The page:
Foreigners, who have joined the ranks of the ISIS terrorist group, have surrendered in the Iraqi city of Mosul after US-backed forces managed to recapture it earlier this week.
Iraqi security forces aired videos of ISIS foreign militants as they surrendered in the city, reported Reuters.
It is likely that Arab and western intelligence will scramble to obtain any information they have to offer, especially in revealing the location of ISIS cells around the world, how they travel to Syria and Iraq and the fate of their leader Abu Bakr al-Baghdadi.
Conflicting reports had emerged this week over the death of Baghdadi.
Meanwhile, as the city picks up the pieces after the battle, warnings were issued on Thursday against alleged violations committed by members of the Popular Mobilization Forces (PMF).
Social media sites have circulated videos of the execution of prisoners, suspected to be ISIS members, in images that are reminiscent of the atrocities that the terrorists committed in the city as soon as it captured it in 2014.
Arab tribes in Iraq’s Nineveh province urged Iraqi Prime Minister Haidar al-Abadi to “liberate” Mosul from the Iran-backed PMF. It accused the forces of carrying out kidnappings, arbitrary arrests and the murder of civilians “under the pretext of destroying ISIS.”
Spokesman for the tribes Sheikh Mzahem al-Hweit told Asharq Al-Awsat that Iran’s Revolutionary Guards and Quds Force have been setting up offices “left and right” in the city.
They now have some 80 offices that harbor Iranian soldiers and experts, as well as armed members of the PMF, he revealed.
“These offices are committing the most heinous crimes against innocent civilians in Mosul,” he added. On a daily basis, they carry out abductions and arbitrary arrests and torture civilians, he continued.
He also accused them of committing mass murder and displacement, warning that the area will be on the verge of civil war if the violations continued.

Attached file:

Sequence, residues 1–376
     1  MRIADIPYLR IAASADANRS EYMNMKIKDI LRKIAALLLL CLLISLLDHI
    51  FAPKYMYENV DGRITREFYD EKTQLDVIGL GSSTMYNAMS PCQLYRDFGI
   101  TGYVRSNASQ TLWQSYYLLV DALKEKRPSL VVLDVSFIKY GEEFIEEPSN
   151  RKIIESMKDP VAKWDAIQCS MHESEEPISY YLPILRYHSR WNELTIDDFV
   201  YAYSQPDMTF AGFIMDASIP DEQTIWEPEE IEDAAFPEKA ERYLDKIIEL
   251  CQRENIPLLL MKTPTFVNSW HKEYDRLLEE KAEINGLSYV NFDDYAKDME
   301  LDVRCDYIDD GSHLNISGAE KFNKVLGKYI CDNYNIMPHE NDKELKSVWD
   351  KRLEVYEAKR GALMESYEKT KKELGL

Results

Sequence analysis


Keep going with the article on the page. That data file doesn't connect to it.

“We urge Abadi to launch a new military campaign to liberate Mosul, this time however against these Iranian militias,” declared al-Hweit.
Al-Arabiya satellite channel meanwhile aired a video of the violations. It showed gunmen clad in military uniform as they committed crimes against unarmed civilians. One scene showed the gunmen throwing civilians off building while they are still alive before later shooting them.
Iraqi Interior Ministry spokesman Saad Maan said that the video is being inspected, rejecting any violations against any civilian.
In a related development, a high-ranking official in Mosul denied to Asharq Al-Awsat that there was a campaign to expel the families of ISIS militants.
He confirmed that a Mosul judicial council unanimously voted to transfer them to camps outside of the city in order to “rehabilitate” them. This decision has not yet taken effect because it needs to be ratified by the province council.
Human Rights Watch (HRW) condemned the move. It accused Iraqi security forces on Thursday of forcibly relocating at least 170 families of alleged ISIS members to a closed “rehabilitation camp” as a form of collective punishment.
“Iraqi authorities shouldn’t punish entire families because of their relatives’ actions,” said Lama Fakih, deputy Middle East director at HRW. “These abusive acts are war crimes and are sabotaging efforts to promote reconciliation in areas retaken from ISIS.”
Speaking with reporters in Washington, an Iraqi military spokesman said he was not aware of the specific cases but denied that Iraqi forces relocated families by force.
“This topic, we didn’t have precise information about what is going on, however there is no situation or scenario where the Iraqi forces will forcefully get people out of their homes as Iraqi citizens,” Brigadier General Yahya Rasool, a spokesman for the joint operations command, said.
“However, we try to secure safe pathways for them to avoid the battle area,” Rasool added.
The HRW statement said the camp, which Iraqi authorities have described as meant for “rehabilitation”, amounted to a detention center for adults and children who have not been accused of any wrongdoing. Fakih called on the families to be allowed to go where they can live safely.
HRW said forced displacements and arbitrary detentions taking place in Anbar, Babel, Diyala, Salahuddin and Nineveh provinces had affected hundreds of families. It said Iraqi security and military forces had done little to stop the abuses and in some instances participated in them.
On the ground, intermittent clashes still erupted in Mosul despite the liberation of the city.
Deputy chief of the security and defense council in the Nineveh province Hashem Brefkani told Asharq Al-Awsat: “The battle may be over, but some pockets where ISIS members are still present appear from time to time.”
“These members have not turned themselves into the security forces so they are being eliminated,” he explained.
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